The request was denied by U.S. District Judge Lewis Kaplan, who characterized it as a “fishing expedition” lacking justification.
Sam Bankman-Fried, the co-founder of FTX, has been denied his request to obtain documents from a Silicon Valley law firm, Fenwick & West LLP, as part of his defense strategy in his ongoing federal fraud case, Bloomberg reported. Bankman-Fried had hoped to use thes documents to support his claim that he relied on legal advice while engaging in the activities for which he is currently facing prosecution.
In a recent development, Bankman-Fried’s legal team approached the judge overseeing the case, urging the prosecution to hand over the documents obtained from Fenwick & West or to allow them to be obtained directly through a subpoena. However, U.S. District Judge Lewis Kaplan dismissed the request, calling it a "fishing expedition” that would not be justified.
In preparation for his defense, Bankman-Fried’s legal team had planned to argue that he had relied on the advice provided by the law firm Fenwick & West. Bloomberg noted that this strategy is often employed by criminal defendants to counter prosecutors’ claims of intentional lawbreaking.
The counsel from Fenwick & West reportedly covered various topics, including the use of encrypted messaging apps, multimillion-dollar loans to FTX executives and compliance with United States banking regulations, which Bankman-Fried’s lawyers have argued are integral to the charges leveled against their client.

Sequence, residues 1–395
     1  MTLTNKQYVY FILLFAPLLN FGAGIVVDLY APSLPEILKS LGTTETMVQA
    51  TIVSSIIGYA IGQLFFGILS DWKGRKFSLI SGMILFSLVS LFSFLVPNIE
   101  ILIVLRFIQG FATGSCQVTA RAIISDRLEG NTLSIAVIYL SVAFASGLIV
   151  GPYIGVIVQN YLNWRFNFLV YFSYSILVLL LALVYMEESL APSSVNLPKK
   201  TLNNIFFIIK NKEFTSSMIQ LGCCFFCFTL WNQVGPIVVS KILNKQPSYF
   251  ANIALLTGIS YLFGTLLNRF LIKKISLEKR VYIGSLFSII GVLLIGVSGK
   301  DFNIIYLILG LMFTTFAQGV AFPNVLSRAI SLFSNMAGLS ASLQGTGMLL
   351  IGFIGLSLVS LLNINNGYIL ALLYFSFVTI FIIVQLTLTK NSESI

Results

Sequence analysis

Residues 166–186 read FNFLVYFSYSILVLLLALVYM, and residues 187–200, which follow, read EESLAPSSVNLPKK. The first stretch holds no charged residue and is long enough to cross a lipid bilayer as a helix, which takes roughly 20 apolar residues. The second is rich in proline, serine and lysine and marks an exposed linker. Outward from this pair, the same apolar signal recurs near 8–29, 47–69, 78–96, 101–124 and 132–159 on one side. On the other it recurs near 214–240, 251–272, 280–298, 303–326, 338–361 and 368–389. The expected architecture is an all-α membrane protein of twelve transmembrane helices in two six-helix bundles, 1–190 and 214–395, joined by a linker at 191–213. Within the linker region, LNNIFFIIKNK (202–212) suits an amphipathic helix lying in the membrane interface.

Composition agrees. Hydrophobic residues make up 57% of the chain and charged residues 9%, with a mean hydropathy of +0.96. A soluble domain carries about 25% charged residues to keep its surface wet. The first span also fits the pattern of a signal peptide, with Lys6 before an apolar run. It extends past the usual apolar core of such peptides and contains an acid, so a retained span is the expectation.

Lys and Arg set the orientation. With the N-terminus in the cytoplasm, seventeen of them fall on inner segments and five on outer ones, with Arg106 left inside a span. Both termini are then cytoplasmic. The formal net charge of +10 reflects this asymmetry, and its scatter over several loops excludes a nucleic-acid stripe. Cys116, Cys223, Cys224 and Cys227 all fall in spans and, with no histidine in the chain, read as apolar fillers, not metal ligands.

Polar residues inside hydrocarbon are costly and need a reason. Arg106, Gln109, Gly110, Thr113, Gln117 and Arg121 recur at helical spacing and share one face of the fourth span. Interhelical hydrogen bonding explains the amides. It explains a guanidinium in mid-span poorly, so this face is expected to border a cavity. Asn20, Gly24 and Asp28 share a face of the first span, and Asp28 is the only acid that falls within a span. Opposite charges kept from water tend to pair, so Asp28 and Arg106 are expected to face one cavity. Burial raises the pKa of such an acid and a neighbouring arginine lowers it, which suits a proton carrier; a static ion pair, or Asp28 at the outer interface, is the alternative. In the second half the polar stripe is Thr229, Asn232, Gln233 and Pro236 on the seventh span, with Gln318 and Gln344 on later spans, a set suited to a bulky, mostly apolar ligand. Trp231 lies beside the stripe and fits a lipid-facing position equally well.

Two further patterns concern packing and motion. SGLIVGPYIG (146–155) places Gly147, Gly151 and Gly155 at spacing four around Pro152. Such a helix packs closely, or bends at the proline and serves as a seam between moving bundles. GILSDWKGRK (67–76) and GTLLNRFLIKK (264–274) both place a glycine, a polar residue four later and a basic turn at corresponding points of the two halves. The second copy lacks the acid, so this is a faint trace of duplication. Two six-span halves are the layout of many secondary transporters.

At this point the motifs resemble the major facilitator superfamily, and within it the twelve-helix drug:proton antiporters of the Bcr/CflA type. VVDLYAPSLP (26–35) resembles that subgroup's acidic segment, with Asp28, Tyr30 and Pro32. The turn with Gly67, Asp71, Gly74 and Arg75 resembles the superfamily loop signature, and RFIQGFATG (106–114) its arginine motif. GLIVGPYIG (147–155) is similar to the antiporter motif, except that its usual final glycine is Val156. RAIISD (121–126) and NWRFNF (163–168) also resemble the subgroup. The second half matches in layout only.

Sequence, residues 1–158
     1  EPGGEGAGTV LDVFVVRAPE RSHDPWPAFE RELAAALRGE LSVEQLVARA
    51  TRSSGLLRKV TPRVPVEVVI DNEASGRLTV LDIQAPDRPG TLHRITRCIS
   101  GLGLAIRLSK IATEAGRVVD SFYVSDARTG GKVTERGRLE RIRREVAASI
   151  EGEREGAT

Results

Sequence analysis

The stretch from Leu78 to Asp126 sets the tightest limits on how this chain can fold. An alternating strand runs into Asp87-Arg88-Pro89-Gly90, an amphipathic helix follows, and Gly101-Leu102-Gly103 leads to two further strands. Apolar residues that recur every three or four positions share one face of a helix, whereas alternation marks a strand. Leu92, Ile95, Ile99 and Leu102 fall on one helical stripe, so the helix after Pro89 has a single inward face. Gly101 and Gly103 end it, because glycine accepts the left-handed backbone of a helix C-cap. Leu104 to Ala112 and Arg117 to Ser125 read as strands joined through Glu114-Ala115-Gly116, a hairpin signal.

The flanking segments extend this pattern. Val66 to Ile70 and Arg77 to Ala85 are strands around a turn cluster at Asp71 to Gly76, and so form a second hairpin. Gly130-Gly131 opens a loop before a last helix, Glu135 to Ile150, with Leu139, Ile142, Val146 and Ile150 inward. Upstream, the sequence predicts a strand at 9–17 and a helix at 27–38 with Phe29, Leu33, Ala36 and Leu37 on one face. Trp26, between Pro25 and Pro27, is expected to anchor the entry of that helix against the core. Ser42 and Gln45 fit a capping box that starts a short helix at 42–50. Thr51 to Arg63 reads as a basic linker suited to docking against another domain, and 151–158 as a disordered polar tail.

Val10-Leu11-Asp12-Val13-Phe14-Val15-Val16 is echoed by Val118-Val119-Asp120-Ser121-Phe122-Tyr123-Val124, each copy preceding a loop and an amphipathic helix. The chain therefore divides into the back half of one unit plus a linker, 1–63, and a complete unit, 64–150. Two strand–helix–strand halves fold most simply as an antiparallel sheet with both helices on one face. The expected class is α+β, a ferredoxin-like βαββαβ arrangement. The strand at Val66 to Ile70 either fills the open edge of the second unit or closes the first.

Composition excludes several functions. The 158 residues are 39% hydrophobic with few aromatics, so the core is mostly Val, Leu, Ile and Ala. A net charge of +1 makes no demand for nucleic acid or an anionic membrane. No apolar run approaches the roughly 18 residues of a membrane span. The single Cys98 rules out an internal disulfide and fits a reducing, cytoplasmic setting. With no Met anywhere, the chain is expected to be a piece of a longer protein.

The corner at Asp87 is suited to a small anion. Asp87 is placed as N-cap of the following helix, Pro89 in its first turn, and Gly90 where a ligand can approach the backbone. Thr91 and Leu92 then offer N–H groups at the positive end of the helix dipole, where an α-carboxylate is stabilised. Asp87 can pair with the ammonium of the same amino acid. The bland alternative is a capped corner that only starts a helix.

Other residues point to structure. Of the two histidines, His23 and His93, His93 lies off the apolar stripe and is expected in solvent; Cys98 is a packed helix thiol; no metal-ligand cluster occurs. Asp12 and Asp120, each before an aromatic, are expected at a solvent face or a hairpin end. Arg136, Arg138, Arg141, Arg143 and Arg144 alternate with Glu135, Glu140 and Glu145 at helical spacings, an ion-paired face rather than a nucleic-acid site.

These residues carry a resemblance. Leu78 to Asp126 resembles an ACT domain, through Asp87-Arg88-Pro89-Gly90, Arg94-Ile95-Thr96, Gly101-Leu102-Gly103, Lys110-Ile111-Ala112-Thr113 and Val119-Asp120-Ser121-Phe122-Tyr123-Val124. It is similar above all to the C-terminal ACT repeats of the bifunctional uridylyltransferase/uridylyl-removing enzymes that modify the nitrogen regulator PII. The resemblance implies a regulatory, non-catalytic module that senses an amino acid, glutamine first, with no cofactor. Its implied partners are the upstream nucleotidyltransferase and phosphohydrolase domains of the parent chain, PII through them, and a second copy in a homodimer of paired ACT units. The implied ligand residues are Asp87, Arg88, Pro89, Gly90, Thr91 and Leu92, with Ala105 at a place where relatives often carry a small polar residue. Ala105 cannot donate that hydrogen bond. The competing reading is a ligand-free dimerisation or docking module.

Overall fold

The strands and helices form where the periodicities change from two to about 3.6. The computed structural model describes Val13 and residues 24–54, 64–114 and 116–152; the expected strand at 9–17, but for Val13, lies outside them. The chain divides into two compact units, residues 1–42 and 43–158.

Bankman-Fried, who is facing two criminal trials, has been accused of orchestrating a complex fraud scheme involving the misappropriation of billions of dollars in FTX customer funds. The funds were allegedly used for high-risk investments, personal expenses and even political donations.
On June 22, FTX initiated a lawsuit in the U.S. Bankruptcy Court for the District of Delaware, aiming to recover more than $700 million from investment firms linked to the company. The lawsuit targets K5 Global, Mount Olympus Capital and SGN Albany Capital, along with their affiliated entities and K5 co-owners Michael Kives and Bryan Baum. FTX alleges that funds were transferred from its affiliated firm, Alameda Research, to these entities through shell companies, and it seeks to reclaim the funds as avoidable transactions.